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Pathway to a Resilient Fashion Industry with Wool Fiber


Did you know that wool is not only biodegradable but also reusable? It is no secret that the natural fibre in wool is amazing, with qualities that make it unique among all other natural fibres, but it is important to know why it is so popular (Schuman, 2016).



Source- Royal Winter Wool Fair (Accessed 30 June 2020)


To begin with, the history of wool has very inaccurate dates. No one knows precisely when wool began to be used. According to Northwest Yarn (2018), it was probably due to an accident carried out by an inhabitant of the Middle East 11,000 years ago. This happens because this man realized that animals are not only a source of food but that their fur can serve as a source of protection. Today, wool is a more valuable natural fibre for us due to its versatility and adaptability.


Sheep wool is one of the most popular natural fibres and represents one of the highest shares in the natural textile market. It has a long life, low maintenance, and is renewable and 100% biodegradable. Its natural components result in exceptional characteristics such as temperature management, body odour control, and flame resistance. There are different types of wool, among them are the llama, cashgora, merino, mohair, alpaca, cashmere and angora, although all wool is not the same (Kinney, 2014, pp. 4-43).


On the other hand, we define the sheep wool production chain as the interaction of the different economic agents that participate directly in the production, transformation and commercialization of wool. Wool collectors transform the fibre into input for spinning (artisanal or industrial). Fabrics and garments made from merino wool offer multiple benefits, but it is important to take into account the ethical considerations related to the use of this fibre (Tinoco, 2009, p. 76).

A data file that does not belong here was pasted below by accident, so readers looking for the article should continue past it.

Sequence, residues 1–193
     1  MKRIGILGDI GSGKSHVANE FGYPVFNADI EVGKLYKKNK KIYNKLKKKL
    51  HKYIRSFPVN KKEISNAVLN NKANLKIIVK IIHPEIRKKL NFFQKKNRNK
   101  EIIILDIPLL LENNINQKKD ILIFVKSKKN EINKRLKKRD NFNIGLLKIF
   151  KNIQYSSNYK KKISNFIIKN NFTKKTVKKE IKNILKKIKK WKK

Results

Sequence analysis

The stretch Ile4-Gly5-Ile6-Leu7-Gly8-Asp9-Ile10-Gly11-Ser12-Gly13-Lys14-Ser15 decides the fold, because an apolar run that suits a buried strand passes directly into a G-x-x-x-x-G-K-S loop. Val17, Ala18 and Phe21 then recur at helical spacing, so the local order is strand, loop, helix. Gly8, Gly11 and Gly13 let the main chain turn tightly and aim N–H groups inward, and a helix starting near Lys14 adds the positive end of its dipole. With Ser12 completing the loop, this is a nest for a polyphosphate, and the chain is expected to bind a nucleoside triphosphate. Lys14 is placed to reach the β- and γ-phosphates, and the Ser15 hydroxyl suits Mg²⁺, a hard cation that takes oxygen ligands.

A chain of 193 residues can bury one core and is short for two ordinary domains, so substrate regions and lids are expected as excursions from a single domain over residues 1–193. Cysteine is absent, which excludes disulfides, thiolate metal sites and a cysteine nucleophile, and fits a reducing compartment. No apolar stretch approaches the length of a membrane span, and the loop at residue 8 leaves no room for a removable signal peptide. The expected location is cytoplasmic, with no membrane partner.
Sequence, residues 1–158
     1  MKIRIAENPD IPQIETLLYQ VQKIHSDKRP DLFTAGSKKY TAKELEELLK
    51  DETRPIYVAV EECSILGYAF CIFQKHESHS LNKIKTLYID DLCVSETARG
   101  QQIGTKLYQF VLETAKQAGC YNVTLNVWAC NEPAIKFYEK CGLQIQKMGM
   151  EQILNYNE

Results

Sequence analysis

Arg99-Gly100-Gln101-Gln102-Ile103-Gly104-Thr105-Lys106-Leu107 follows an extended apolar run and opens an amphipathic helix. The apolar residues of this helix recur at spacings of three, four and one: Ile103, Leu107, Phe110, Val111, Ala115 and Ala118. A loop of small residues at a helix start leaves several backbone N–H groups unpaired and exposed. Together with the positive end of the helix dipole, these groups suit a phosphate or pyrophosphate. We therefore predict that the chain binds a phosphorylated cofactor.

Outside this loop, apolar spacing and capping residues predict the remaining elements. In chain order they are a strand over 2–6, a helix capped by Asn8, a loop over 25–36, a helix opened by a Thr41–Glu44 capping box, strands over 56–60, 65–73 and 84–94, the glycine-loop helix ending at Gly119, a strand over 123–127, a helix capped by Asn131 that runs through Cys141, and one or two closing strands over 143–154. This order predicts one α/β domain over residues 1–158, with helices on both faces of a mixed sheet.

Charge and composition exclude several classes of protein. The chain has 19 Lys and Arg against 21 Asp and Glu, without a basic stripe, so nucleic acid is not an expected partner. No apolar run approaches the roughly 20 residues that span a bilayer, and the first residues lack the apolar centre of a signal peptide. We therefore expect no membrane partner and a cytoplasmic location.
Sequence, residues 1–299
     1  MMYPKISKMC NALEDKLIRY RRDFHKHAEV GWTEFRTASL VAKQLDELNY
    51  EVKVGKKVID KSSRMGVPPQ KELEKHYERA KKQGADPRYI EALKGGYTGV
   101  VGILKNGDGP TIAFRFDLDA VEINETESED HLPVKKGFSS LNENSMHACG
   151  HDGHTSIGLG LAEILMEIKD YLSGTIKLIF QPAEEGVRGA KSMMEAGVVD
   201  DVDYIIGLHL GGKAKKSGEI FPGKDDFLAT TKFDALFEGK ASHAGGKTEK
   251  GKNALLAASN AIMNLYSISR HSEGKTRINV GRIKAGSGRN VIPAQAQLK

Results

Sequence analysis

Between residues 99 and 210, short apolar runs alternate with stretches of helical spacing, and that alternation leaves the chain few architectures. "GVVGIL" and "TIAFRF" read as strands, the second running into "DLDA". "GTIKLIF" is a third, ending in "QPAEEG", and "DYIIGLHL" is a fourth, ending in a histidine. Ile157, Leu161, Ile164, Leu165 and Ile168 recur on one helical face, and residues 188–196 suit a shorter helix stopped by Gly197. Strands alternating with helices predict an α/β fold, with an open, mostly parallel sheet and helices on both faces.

To prevent diseases such as fly strike, many farmers have started to apply Mulesing techniques, which are extremely painful for sheep. Therefore, there is a need for alternative solutions to combat this problem. The local woollers, together with the government, have implemented guidelines to promote a more circular and transparent process. Mule techniques such as animal welfare and land protection ensure a positive environment for the herd and the quality of its fleece (Phillip, 2009, p.113).


There are also good practice certifications such as Responsible Wool Standard, ZQ Merino Standard and Soil Association Organic Standards and traceability of supply chains to ensure transparency and adequate market value of the product and also to provide the robust chain of custody from farm to final product and create improvements in animal care and land management where needed (Textile Exchange, 2019, p.1).















References


Kinney, T. (2014). Wool: Master’s design thesis. The University of Texas at Austin School of Architecture.


Northwest Yarn (2018). Know Your Fiber: A (Very) Brief History of Wool [online] https://nwyarns.com/blogs/northwest-yarns/know-your-fiber-a-very-brief-history-of-wool [Accessed 16 May 2021].


Phillip, C (2009). A review of mulesing and other methods to control flystrike (cutaneous myiasis) in sheep.


Shuman (2016). 10 Cool Facts about Wool [online] Available at: https://enzeesfootsoother.com/blogs/news/10-cool-facts-about-wool [Accessed 16 May 2021]


Textile Exchange (2019). Quick Guide to the Responsible Wool Standard (RWS) [online] https://textileexchange.org/wp-content/uploads/2019/07/2019-RWS-Quick_Guide.pdf [Accessed 30 May 2021]


Tinoco, O. (2009). Cadena productiva de lana de oveja en el sector textil y de confecciones (vol 2) Revista de la Facultad de Ingeniería Industrial de la Universidad Nacional Mayor de San Marcos.



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